If you’re a plaintiff, winning a judgment at the end of a lawsuit is a victory. But don’t pat yourself on the back just yet. The next step is called executing the judgment — in other words, getting the money — and it can be the hardest part of the process.
A court order may specify that the “judgment debtor” pay up within a certain time period, say 30 to 60 days. If this doesn’t happen, the “judgment creditor” normally must follow up with tactics such as certified letters, emails and phone calls. This sometimes shakes the money out. But in the case of a stubborn or asset-poor debtor, more legwork may be needed.
There are many tools available to collect what is legitimately owed to you. Here are the most common:
Collection agencies. For a fee, you can hand the headache to an agency to get the debtor to pay up. This generally works best in small, uncomplicated situations.
Docketing a judgment. The process involves filing a copy of the judgment where the debtor owns property, creating a lien on those properties.
Liens. The debtor fills out a statement of assets against which the judgment can be collected. You can take this to court and ask for a writ of execution, which the sheriff typically serves on the debtor’s bank or other institution where the debtor owns personal property. This creates a lien on the assets, which can be seized to pay the judgment.
Garnishment. A writ is served on the debtor’s employer, who then holds back a portion of wages to pay the judgment. There are limits on the amount that can be withheld. In some cases, other income such as rent and commissions can be garnished.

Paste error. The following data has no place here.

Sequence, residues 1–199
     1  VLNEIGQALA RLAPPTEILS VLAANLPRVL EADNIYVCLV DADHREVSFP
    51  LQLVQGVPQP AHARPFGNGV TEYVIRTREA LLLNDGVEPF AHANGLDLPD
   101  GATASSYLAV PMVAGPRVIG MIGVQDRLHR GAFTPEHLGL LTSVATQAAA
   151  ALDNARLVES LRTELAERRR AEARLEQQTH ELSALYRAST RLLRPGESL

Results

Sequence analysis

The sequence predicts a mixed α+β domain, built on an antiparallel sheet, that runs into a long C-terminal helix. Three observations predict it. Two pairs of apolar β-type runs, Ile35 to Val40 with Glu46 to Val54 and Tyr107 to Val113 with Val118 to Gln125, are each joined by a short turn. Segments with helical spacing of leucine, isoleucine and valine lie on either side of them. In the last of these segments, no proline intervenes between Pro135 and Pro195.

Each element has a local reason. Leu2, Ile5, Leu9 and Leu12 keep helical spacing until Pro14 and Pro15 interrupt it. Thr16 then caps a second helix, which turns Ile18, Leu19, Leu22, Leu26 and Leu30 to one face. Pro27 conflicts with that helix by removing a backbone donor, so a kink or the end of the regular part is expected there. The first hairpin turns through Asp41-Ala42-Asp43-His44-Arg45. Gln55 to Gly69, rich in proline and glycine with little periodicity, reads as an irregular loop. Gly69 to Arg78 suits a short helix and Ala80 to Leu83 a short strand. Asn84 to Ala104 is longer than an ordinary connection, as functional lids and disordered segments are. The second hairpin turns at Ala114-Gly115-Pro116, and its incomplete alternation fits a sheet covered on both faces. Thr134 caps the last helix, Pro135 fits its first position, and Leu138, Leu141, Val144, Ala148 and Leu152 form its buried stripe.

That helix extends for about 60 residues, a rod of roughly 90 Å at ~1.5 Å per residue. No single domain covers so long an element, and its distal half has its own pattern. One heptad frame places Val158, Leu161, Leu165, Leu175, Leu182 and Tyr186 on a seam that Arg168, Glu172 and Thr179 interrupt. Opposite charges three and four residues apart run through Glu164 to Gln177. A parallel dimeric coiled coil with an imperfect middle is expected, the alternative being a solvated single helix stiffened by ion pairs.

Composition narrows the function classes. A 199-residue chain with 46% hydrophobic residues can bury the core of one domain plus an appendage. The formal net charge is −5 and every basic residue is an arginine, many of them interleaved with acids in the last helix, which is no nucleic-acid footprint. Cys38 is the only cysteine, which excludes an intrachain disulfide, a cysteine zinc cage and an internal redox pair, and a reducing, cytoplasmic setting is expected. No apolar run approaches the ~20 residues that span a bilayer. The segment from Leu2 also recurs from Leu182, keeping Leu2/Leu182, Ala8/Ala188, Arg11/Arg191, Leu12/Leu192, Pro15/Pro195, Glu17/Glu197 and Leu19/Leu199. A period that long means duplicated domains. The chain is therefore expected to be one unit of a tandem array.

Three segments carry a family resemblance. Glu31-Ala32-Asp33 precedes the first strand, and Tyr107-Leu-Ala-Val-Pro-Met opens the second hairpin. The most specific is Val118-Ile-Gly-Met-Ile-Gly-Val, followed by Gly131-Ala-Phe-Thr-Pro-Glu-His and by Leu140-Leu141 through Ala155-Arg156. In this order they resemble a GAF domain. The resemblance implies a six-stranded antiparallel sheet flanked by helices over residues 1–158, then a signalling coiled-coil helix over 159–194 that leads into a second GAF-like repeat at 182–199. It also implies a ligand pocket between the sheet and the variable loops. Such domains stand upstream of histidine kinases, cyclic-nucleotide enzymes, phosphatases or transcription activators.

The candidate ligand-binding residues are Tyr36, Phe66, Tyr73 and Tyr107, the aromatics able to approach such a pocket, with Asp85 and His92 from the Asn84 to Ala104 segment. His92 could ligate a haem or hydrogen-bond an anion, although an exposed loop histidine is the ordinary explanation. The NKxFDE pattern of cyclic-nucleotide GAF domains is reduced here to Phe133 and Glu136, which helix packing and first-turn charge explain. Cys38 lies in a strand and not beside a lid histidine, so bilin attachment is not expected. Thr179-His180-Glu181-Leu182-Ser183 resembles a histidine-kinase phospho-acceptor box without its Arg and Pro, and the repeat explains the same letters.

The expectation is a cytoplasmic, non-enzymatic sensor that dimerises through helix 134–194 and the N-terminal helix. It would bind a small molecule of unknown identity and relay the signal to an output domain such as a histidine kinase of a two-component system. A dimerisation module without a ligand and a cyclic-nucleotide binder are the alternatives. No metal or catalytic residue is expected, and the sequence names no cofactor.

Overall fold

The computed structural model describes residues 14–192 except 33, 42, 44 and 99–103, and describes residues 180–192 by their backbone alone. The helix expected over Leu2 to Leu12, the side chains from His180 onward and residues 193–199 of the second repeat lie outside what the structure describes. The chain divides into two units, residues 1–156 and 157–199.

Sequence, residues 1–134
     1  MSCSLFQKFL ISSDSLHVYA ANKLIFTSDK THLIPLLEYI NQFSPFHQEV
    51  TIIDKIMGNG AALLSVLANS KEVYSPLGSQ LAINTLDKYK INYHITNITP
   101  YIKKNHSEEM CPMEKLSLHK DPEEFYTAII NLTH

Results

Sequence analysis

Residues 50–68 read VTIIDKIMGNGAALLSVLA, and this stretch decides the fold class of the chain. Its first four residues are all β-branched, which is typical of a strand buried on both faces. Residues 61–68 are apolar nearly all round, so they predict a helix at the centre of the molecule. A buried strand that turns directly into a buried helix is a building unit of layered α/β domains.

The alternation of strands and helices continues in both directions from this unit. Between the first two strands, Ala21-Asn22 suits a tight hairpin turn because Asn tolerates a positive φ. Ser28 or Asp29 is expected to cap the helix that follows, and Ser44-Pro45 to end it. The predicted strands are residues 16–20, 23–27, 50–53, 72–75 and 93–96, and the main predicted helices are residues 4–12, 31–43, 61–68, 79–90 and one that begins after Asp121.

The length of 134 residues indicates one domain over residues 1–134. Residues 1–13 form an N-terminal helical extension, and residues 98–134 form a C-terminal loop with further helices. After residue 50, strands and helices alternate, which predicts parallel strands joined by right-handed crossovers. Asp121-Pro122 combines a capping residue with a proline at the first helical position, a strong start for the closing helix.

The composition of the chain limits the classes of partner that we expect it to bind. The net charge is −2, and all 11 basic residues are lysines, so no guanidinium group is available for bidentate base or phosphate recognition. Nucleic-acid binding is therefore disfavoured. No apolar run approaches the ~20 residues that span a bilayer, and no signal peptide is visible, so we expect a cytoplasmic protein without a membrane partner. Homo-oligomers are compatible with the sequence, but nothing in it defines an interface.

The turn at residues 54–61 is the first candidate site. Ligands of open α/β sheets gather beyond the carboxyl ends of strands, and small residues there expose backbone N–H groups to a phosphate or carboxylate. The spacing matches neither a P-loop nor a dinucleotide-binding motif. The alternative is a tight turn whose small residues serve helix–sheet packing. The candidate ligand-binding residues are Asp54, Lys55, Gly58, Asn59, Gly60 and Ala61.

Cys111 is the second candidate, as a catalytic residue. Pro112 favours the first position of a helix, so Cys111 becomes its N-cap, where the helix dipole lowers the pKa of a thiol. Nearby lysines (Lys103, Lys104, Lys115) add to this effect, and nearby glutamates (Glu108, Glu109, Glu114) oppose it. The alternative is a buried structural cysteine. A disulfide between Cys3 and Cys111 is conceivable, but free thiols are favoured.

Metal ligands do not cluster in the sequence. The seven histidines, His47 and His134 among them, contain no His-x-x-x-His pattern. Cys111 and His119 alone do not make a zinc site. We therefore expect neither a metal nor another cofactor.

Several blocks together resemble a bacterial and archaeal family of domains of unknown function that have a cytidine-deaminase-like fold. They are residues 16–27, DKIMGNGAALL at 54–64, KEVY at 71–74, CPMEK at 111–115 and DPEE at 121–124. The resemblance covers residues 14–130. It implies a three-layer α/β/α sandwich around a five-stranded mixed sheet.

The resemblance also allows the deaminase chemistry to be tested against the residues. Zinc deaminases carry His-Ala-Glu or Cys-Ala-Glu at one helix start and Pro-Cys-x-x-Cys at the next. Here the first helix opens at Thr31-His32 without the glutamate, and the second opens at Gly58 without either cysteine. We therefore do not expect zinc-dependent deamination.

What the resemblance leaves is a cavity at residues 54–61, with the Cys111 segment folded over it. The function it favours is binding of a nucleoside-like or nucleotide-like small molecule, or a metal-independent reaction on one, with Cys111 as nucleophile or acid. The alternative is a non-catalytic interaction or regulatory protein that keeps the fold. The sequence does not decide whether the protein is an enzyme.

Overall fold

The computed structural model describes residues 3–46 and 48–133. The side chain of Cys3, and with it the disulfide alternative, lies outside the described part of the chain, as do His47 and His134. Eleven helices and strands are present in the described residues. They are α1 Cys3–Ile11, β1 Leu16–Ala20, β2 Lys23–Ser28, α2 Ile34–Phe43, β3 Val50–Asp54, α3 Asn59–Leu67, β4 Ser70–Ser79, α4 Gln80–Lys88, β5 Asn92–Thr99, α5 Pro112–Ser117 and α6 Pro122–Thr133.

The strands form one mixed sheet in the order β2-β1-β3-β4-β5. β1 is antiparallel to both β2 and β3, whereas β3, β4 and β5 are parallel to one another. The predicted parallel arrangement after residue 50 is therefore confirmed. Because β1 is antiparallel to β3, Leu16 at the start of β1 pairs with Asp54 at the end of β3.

Installment payments. Sometimes a debtor wants to pay but his or her financial situation makes it tough. You can work out a written installment plan, adding reasonable interest until the debt is paid in full.
Many of these collection remedies are contained in state law, and some states are more aggressive than others. An example: In some states, a debtor’s driving privileges can be suspended if he or she fails to pay a judgment arising from a car accident.
Keep in mind that some assets, such as a person’s home, are untouchable. State statutes may also exempt other property such as clothing, personal effects, and a certain amount of cash.
If the debtor is really stonewalling, your lawyer may have to take a deposition or send questions (“interrogatories”) to get the real story on assets and employment. The debtor will be asked to provide bank statements, tax returns, W-2s, deeds, and other evidence of his financial status.
To prevent a debtor from simply transferring property to someone else, or giving it away, many states have laws forbidding transfers of property subject to a judgment.
If and when you collect, the debtor may ask you for evidence that the judgment has been paid. This satisfaction of judgment should only be provided after actually receiving the money.
Many judgment creditors never have to resort to collection remedies. But if you do, patience and persistence will increase the chances of recovering what’s rightfully yours.